“I call it chasing clowns,” McLeod said. “They want to film it, want to put it on social media. They want to be the biggest, the baddest, the fastest.”

At the same time, carmakers are producing faster and more powerful vehicles for everyday drivers, said McLeod, who owns a 1958 Studebaker and can tell you without looking up that the Dodge Challenger SRT Hellcat Redeye has nearly 800 horsepower.

Run and you’re done: Fayetteville police tackle reckless driving by seizing the cars of drivers who flee

“You can buy it from the dealership and drive it down the road,” McLeod said. “Which is great. It’s awesome. We want people to enjoy their vehicles.” But at the same time, the drivers need to be responsible, he said.

There was no need for anyone to risk having their cars seized, McLeod said, when there are racetracks in and around Fayetteville that welcome drivers who want to race and do stunts in a safe place.

An image from sheriff helicopter video made in March in Port St.  Lucie, Florida, shows an incident described as part of a “street takeover.”  The car in the center is depicted doing donuts or burnouts.  North Carolina lawmakers are passing a law to deter similar activities in their state.

An image from sheriff helicopter video made in March in Port St. Lucie, Florida, shows an incident described as part of a “street takeover.” The car in the center is depicted doing donuts or burnouts. North Carolina lawmakers are passing a law to deter similar activities in their state.

Fayetteville police have stopped takeovers so far

While Fayetteville has had drivers racing and doing stunts on the streets, the Fayetteville Police Department has strived to be ahead of the street takeover trend and so far has prevented them before they started, McLeod said.

People attempted a street takeover here last year, he said. When the department learned it was being organized, he said, it sent extra traffic enforcement officers to patrol the vicinity in what is called “saturation enforcement.” No streets were blocked, he said.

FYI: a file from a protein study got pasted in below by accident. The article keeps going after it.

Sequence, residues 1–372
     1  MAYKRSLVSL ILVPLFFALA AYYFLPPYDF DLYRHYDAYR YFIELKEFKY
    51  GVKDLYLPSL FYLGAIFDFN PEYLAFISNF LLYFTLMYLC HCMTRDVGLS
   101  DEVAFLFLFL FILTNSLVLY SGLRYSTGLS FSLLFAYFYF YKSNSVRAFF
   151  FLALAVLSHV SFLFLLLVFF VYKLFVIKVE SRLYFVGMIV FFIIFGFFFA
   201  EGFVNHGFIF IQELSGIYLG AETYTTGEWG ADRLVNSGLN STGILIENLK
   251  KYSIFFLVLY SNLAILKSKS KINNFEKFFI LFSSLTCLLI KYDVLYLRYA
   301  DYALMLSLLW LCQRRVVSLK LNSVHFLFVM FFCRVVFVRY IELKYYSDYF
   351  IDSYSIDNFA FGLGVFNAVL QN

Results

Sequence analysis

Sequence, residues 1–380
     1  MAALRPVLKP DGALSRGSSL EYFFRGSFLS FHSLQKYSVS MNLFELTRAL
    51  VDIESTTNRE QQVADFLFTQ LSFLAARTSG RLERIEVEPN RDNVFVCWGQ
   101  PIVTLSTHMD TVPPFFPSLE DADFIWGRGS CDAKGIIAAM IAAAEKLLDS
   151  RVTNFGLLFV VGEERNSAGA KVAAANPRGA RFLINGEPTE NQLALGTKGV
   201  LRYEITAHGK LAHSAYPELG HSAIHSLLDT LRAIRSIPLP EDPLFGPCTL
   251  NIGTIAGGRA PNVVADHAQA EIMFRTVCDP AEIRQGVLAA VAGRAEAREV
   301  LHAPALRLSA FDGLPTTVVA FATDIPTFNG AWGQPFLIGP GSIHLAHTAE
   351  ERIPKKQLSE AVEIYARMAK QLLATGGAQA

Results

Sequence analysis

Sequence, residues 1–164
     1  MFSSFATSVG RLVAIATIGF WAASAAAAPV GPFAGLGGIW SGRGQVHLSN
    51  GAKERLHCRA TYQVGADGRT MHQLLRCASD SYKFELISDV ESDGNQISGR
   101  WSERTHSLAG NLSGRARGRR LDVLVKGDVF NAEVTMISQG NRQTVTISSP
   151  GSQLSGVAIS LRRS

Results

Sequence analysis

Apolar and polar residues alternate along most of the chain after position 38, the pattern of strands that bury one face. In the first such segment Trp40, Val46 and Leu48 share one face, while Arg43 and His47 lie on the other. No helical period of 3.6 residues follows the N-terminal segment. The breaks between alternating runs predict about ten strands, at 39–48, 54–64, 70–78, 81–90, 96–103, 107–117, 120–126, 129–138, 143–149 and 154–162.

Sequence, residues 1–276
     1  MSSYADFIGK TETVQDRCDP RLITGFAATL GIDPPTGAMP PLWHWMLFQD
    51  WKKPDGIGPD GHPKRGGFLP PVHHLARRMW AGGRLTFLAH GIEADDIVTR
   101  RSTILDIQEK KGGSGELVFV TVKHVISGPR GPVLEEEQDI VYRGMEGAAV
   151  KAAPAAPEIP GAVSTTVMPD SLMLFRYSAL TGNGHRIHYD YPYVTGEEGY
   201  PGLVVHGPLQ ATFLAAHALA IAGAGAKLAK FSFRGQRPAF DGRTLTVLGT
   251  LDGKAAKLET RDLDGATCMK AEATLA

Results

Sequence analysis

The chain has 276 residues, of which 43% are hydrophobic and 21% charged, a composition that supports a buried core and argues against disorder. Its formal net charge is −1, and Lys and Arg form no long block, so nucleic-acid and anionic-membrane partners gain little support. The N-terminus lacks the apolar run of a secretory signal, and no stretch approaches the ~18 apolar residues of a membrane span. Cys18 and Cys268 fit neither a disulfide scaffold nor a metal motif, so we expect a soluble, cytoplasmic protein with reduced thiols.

Instead, drivers and spectators in Fayetteville sometimes at night take over the parking lots of businesses that are closed and do their stunts there, McLeod said. People have occasionally gotten hit by cars and hurt, he said, but he said there were no reports of serious injuries or deaths.

The coating of tire rubber left on the parking lots from the drifting, donuts and burnouts damages and covers the parking lot markings, McLeod said. It can be costly for businesses to repair, he said.

The street takeover law does not address takeovers of private property.

However, McLeod said, parts of the law will help police officers and prosecutors with cases against those accused of driving dangerously.

For the first time, McLeod said, there will be a legal definition in the context of driving for a burnout, a wheelie, a donut and drifting. It would be easier to explain these to a jury during a trial for someone accused of careless-and-reckless driving, he said.

Senior North Carolina reporter Paul Woolverton can be reached at 910-261-4710 and [email protected].

This article originally appeared on The Fayetteville Observer: New NC law to punish participants of stunt driving street takeovers

Similar Posts